Let’s not force people to wear patriotism on their sleeve

In an outstanding example of judicial overreach, the honourable Supreme Court passed a judgement a few months back that the national anthem must be played at the beginning of screening in all movie halls. Ever since then, during our Sunday evening picture routine, my parents and I have been standing for the national anthem. Just when we would have settled down in our seats with pop corn and a cool drink, suddenly the screen would say, “Please stand for the national anthem.” My father, forever the willing patriot would happily stand up, my mother would also stand up, not with that much enthusiasm and I would have a tough time getting up from the seat due to my knee problem with a curse muttered under my breath to the honourable Supreme Court.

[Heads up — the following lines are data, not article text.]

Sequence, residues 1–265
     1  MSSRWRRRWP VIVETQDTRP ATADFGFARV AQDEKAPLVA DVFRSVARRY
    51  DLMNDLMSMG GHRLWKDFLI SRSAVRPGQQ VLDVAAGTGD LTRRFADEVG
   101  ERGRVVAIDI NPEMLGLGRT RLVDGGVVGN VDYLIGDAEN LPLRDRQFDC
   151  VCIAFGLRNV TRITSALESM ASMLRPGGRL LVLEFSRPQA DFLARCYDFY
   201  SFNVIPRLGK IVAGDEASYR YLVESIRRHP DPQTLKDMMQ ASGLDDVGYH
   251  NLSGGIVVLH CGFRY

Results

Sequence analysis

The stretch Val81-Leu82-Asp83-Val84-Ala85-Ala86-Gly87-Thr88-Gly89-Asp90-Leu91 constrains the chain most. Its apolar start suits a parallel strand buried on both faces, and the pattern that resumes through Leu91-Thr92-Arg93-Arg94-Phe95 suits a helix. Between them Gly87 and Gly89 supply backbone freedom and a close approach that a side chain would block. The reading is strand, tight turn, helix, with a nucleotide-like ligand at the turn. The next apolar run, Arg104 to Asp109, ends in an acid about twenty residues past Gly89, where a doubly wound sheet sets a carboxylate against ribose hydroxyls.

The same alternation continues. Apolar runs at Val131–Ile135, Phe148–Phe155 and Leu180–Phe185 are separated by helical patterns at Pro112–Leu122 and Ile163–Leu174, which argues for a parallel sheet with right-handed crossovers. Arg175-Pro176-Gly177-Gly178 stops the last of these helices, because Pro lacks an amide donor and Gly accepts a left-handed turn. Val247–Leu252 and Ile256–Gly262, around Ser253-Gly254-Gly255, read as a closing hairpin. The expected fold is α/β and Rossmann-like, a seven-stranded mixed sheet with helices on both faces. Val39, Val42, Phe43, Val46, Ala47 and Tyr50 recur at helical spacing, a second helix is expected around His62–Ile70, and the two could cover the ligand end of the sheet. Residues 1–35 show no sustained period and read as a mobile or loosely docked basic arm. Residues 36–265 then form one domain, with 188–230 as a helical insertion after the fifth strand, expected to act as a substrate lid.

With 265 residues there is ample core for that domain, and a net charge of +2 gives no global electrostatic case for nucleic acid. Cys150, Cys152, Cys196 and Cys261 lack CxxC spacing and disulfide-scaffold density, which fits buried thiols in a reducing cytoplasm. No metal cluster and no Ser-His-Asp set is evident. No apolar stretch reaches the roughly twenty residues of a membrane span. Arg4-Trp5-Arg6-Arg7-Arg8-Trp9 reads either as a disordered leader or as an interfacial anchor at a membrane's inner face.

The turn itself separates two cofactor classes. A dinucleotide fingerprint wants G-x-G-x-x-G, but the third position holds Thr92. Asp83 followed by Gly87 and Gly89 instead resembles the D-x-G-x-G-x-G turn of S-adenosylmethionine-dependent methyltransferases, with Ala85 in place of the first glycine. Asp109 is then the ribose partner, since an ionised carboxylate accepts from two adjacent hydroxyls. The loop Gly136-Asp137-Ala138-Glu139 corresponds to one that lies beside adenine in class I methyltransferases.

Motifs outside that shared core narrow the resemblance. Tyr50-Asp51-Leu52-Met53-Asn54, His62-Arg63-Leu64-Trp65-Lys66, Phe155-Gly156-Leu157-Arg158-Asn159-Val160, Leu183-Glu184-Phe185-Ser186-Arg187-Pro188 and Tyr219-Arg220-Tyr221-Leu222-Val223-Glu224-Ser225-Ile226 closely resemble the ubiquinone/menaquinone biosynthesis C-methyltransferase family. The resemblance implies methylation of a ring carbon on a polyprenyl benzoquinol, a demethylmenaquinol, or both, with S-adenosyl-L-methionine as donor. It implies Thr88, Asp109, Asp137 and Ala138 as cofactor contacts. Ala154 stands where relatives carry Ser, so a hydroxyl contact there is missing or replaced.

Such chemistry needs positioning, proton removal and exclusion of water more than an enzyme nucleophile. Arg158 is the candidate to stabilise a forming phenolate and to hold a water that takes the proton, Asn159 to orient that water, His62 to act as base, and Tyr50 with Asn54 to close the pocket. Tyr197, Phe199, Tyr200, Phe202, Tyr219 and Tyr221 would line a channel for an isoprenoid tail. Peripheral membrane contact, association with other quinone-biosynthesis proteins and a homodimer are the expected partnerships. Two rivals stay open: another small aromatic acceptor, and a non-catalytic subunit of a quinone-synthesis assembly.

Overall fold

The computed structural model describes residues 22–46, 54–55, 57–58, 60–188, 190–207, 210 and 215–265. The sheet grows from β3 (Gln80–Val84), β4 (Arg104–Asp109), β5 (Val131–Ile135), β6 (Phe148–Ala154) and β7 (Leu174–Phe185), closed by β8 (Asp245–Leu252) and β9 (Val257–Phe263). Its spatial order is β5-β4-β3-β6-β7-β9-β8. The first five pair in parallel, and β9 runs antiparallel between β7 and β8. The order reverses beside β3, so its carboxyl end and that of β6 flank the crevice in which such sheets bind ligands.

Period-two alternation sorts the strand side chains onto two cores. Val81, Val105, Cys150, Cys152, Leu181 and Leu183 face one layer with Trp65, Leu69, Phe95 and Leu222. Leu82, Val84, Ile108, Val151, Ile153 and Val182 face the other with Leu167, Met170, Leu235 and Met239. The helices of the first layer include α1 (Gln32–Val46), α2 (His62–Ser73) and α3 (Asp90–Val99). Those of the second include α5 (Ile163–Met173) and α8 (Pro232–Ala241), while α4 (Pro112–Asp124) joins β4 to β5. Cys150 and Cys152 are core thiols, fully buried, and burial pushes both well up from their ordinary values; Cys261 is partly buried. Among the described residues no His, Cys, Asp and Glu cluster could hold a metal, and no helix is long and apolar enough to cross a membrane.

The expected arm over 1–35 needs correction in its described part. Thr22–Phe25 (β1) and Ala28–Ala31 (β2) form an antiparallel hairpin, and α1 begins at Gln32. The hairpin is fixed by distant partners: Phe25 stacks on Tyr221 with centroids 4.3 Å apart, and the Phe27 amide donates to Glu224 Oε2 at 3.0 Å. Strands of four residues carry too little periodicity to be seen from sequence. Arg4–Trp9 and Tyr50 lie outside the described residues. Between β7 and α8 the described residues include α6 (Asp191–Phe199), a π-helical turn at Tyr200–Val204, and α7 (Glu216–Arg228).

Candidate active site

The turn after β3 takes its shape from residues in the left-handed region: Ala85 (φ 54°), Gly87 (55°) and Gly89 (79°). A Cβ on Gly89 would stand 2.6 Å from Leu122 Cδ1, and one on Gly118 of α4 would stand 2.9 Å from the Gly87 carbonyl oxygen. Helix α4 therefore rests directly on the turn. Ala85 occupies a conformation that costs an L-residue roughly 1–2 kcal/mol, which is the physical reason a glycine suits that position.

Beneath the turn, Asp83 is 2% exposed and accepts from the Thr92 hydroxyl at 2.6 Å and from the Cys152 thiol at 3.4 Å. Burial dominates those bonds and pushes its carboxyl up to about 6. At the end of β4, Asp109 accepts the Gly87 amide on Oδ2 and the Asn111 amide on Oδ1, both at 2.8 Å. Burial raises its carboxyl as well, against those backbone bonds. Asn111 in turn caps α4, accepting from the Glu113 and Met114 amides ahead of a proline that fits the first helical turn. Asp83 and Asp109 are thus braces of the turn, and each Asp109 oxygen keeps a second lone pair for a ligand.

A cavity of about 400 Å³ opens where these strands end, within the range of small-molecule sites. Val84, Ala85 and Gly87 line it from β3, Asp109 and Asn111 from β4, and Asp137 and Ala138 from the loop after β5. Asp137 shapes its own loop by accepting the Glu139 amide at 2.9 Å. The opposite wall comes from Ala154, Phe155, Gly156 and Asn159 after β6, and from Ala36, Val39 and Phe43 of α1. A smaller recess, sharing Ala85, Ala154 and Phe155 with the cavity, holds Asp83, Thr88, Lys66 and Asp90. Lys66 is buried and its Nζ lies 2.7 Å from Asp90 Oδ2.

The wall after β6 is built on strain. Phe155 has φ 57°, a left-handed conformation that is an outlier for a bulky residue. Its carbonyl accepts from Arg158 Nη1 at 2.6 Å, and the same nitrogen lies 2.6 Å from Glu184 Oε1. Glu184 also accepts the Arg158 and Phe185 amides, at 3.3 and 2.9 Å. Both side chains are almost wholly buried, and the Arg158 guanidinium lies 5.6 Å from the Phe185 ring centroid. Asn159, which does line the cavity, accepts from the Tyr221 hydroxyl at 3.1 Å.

When you force someone to do something, they develop an aversion to it. Why do we need such symbolic gestures to display our patriotism? Why do we need these forced shows of proving our love for the motherland? 

Thankfully, the honourable Supreme Court looks like it is going to reverse that decision. In remarks made a couple of days back, it questioned the concept and said that the words “national anthem should be played” could be changed to “national anthem may be played”. 

I so wish that the time spent by the honourable court on this silly, trivial issue could have been spent in dealing with the thousands of more serious cases pending before it.